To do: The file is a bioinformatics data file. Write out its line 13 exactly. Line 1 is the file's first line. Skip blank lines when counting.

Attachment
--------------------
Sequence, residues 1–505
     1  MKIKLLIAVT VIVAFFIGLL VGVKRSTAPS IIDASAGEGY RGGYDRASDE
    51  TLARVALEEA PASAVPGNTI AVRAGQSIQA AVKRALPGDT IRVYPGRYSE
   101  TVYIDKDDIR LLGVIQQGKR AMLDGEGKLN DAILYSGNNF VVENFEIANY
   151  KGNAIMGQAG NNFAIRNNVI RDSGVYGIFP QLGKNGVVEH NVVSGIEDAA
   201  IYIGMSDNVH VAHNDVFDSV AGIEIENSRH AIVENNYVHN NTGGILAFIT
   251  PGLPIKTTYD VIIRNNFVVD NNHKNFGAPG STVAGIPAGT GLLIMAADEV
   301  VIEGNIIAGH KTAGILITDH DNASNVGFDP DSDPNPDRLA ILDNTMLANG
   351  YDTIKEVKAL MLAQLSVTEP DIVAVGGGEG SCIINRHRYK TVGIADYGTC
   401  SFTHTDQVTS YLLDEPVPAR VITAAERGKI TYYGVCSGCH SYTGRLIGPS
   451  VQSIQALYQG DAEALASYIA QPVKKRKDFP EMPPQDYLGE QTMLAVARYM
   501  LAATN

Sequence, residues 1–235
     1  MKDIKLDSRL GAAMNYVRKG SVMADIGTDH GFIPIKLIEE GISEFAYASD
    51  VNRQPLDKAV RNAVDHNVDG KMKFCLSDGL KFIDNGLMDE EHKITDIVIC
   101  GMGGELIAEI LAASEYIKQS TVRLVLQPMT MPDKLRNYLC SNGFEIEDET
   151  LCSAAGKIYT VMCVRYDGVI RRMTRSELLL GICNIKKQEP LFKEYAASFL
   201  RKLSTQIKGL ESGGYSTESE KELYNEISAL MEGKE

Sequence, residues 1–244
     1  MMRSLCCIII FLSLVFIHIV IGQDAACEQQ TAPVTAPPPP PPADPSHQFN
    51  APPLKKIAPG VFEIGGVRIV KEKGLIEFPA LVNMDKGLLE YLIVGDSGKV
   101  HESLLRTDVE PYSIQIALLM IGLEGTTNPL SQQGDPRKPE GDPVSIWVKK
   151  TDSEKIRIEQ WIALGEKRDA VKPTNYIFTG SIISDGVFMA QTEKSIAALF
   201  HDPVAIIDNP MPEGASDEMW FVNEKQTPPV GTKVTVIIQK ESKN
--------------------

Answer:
Sequence, residues 1–235